Having trouble getting up out of a chair? Going up and down stairs? Getting in and out of a car? If so, you may be experiencing the effects of muscle weakness. Muscle weakness is a fairly common problem as we get older and in those who are physically deconditioned (i.e., “couch potatoes”). Another term for anything that’s wrong with the muscles is myopathy (myo = muscle and pathy = pathologic or diseased).
But muscle weakness or myopathy could also be caused by a wide range of medical problems such as infections, endocrine diseases, muscular dystrophies, cancer, and neurologic conditions. Other causes of muscle weakness include drug toxicity, rheumatologic diseases (e.g., fibromyalgia, sarcoidosis), and vitamin deficiency.
In this report, a rare cause of muscle weakness is discussed: inflammatory muscle disease. Doesn’t ring any bells for you? That’s because it only affects one in five million adults in the United States. But for those individuals, early diagnosis and treatment is important for the best outcomes.
Who is affected? Inflammatory muscle disease is actually age- or gender-linked depending on what type of muscle disease is involved. There are three basic types of inflammatory muscle disease: 1) polymyositis, 2) dermatomyositis, and 3) inclusion body myositis.
Polymyositis only affects adults, whereas dermatomyositis is seen in children and adults. Inclusion body myositis is rare in anyone younger than 50 and occurs most often in men over the age of 60.
People who develop any of these three inflammatory muscle diseases develop symptoms slowly over months to years. Muscle weakness affecting the shoulders and hips is first. That’s when patients with this disease start to notice difficulty sitting up and down from the toilet, putting something up on a high shelf, or brushing the hair.
No one really knows what brings this inflammatory muscle disease on. That’s why they are referred to as idiopathic (unknown cause). And because there are so many other potential causes of muscle weakness, it can take quite a while to figure out what’s going on. Dermatomyositis is the only one that has a characteristic facial rash to help point the right direction in searching for a diagnosis. It’s also the only one to be associated with a history of cancer.
Just how does the physician make the final diagnosis? It requires a number of different steps starting with a thorough history (personal and family history) and timeline for symptoms. Lab tests help sort out infections from inherited muscle diseases and from endocrine disorders such as Addison disease, Cushing syndrome, and thyroid problems.
There are some specific lab tests just for muscle diseases. For example, measuring blood levels of an enzyme called creatine kinase (CK) may be helpful. CK is elevated in all three types of inflammatory myopathies. An increase in CK doesn’t always point to inflammatory muscle disease(s).
High levels of CK can occur as a result of trauma, medications, and even exercise. There are even times when the CK levels are normal but the person really does have an inflammatory muscle disease.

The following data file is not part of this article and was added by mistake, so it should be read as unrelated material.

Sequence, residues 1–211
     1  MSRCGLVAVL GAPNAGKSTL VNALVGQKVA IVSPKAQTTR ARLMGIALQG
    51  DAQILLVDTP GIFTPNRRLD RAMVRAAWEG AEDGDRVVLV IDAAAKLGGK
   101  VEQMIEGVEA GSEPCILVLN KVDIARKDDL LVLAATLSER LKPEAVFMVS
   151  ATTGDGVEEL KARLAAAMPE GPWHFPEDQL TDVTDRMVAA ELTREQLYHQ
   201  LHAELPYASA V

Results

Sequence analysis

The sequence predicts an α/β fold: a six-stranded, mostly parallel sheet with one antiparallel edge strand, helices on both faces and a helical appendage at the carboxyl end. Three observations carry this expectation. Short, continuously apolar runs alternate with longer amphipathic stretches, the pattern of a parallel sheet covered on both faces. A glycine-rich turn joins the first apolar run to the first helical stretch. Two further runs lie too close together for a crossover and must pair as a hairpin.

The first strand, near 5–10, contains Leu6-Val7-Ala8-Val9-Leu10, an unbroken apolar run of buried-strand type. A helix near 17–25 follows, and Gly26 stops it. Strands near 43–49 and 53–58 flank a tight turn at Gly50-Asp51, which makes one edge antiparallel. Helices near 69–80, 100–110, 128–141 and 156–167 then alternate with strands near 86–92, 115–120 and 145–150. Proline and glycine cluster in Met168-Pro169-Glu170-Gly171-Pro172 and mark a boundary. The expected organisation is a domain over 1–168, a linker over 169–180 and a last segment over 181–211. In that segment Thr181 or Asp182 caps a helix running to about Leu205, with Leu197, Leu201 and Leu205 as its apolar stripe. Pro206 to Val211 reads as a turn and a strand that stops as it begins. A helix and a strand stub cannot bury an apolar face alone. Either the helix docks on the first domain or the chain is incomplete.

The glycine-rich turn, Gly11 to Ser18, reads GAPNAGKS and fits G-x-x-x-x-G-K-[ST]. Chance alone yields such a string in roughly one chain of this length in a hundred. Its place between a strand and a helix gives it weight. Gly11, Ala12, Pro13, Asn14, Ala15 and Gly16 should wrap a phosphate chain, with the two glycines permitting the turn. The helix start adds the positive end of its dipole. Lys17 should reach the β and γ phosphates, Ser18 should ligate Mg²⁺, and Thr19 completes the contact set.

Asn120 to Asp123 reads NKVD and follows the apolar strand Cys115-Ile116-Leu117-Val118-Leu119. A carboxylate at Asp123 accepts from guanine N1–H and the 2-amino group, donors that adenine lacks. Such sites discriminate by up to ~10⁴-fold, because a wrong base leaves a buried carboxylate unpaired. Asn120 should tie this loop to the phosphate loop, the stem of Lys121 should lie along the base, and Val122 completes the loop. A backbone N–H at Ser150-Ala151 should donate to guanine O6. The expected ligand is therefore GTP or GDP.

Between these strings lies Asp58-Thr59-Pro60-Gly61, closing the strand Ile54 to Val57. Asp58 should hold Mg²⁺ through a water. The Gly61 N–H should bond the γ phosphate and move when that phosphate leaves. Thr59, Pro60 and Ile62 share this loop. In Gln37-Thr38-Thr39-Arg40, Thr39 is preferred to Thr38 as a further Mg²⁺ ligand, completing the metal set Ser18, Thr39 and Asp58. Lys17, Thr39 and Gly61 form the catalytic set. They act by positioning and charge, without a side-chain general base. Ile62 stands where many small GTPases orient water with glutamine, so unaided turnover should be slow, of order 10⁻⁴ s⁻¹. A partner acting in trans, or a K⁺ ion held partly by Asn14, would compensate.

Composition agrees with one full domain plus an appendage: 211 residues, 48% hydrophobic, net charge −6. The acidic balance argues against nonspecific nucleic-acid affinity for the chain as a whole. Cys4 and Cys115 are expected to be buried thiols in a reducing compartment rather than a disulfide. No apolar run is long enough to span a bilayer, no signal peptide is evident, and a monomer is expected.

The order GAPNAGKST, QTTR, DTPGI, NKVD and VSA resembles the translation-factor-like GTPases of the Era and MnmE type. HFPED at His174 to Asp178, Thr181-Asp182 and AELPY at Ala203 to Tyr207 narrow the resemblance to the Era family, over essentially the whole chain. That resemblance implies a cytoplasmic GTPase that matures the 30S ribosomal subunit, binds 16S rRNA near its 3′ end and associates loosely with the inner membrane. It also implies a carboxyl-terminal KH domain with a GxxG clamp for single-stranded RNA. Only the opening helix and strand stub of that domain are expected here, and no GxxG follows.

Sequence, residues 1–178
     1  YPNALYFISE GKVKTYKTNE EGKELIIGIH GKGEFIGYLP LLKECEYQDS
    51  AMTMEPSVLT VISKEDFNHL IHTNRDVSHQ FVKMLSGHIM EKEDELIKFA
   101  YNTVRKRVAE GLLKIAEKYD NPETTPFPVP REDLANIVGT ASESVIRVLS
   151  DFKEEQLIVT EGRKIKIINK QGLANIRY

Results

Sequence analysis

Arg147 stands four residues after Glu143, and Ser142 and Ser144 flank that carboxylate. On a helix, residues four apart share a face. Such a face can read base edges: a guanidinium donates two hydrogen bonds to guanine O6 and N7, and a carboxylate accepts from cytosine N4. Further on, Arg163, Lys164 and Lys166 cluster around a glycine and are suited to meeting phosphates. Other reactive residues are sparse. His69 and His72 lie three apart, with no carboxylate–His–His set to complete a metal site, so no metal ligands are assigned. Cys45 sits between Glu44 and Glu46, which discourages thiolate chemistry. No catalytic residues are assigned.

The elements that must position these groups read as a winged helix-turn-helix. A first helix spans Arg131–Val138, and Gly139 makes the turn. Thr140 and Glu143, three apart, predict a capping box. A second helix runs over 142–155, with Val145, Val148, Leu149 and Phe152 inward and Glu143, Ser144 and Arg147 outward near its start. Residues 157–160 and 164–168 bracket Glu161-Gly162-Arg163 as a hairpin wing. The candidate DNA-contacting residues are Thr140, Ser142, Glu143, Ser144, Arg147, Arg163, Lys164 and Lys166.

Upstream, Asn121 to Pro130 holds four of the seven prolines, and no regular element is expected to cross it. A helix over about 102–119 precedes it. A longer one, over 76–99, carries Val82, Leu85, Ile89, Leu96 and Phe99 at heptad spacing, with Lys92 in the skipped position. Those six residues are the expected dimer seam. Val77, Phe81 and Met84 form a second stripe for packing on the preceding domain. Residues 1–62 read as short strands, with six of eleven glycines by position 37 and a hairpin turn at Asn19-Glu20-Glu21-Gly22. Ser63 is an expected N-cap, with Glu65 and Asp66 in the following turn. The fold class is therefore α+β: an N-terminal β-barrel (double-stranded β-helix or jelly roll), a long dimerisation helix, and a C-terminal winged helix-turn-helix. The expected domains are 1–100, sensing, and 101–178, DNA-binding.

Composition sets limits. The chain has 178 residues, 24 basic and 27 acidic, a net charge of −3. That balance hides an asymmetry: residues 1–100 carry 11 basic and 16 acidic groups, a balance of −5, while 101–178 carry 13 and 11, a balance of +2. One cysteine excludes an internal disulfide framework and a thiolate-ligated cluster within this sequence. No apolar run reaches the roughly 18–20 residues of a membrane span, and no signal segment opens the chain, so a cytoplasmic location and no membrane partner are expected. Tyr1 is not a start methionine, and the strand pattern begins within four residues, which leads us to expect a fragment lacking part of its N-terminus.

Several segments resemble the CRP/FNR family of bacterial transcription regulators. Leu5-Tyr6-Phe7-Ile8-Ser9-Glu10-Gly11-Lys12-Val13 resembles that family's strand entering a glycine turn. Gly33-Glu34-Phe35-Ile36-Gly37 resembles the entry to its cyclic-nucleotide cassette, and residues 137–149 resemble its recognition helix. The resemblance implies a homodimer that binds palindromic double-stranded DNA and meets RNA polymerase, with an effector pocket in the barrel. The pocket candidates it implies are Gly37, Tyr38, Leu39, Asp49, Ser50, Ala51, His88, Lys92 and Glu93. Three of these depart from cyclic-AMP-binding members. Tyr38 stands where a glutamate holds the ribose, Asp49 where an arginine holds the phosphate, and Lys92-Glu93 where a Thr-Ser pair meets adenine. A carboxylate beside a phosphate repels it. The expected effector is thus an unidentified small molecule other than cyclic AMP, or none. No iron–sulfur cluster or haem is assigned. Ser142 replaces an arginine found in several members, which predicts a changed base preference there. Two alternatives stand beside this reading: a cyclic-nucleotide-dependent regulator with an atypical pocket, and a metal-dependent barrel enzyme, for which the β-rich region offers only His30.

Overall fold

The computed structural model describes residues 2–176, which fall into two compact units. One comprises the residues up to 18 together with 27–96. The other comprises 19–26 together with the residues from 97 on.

Whenever the lab values come back normal, it’s back to the diagnostic drawing board so-to-speak. The physician will recheck for other subtle signs and symptoms such as difficulty swallowing or speaking, heart or lung problems, and skin rash. Some additional lab studies may be ordered. And imaging studies (MRIs), X-rays (chest and abdomen) electromyography (EMGs), and muscle biopsy may be ordered.
By themselves, none of the tests and measures can diagnose inflammatory muscle diseases. The physician must really rely on all the diagnostic clues and information provided by each one. All put together, it is possible to rule out other causes of the muscle weakness until the only reasonable possibility is inflammatory myopathy.
At that point, treatment is the next step. Most often, the patient is referred to a specialist who sees more than an occasional case now and then. Medical therapy begins with antiinflammatory drugs (e.g., corticosteroids) to reduce inflammation. If one drug doesn’t work, it may be necessary to combine several drugs together to get the intended result.
Exercise (aerobic or cardio and strength training) is a key feature of treatment. Exercise will not make the disease worse and has been shown to make things much better. Exercise will help keep the weakness from getting worse rapidly. It’s still likely that strength will continue to decline but it will happen at a much slower pace.
Physical activity and exercise are also important in keeping the joints moving and preventing muscle and joint contractures (soft tissues get stuck on one position and can’t stretch or move). Patients must be educated to understand that exercise has its own anti-inflammatory effects and should be a part of each day.
For anyone who would like a detailed review of inflammatory muscle diseases, this article provides some helpful tables, photos, and descriptions of each one. Patient evaluation, diagnosis, and treatment are discussed in detail as well.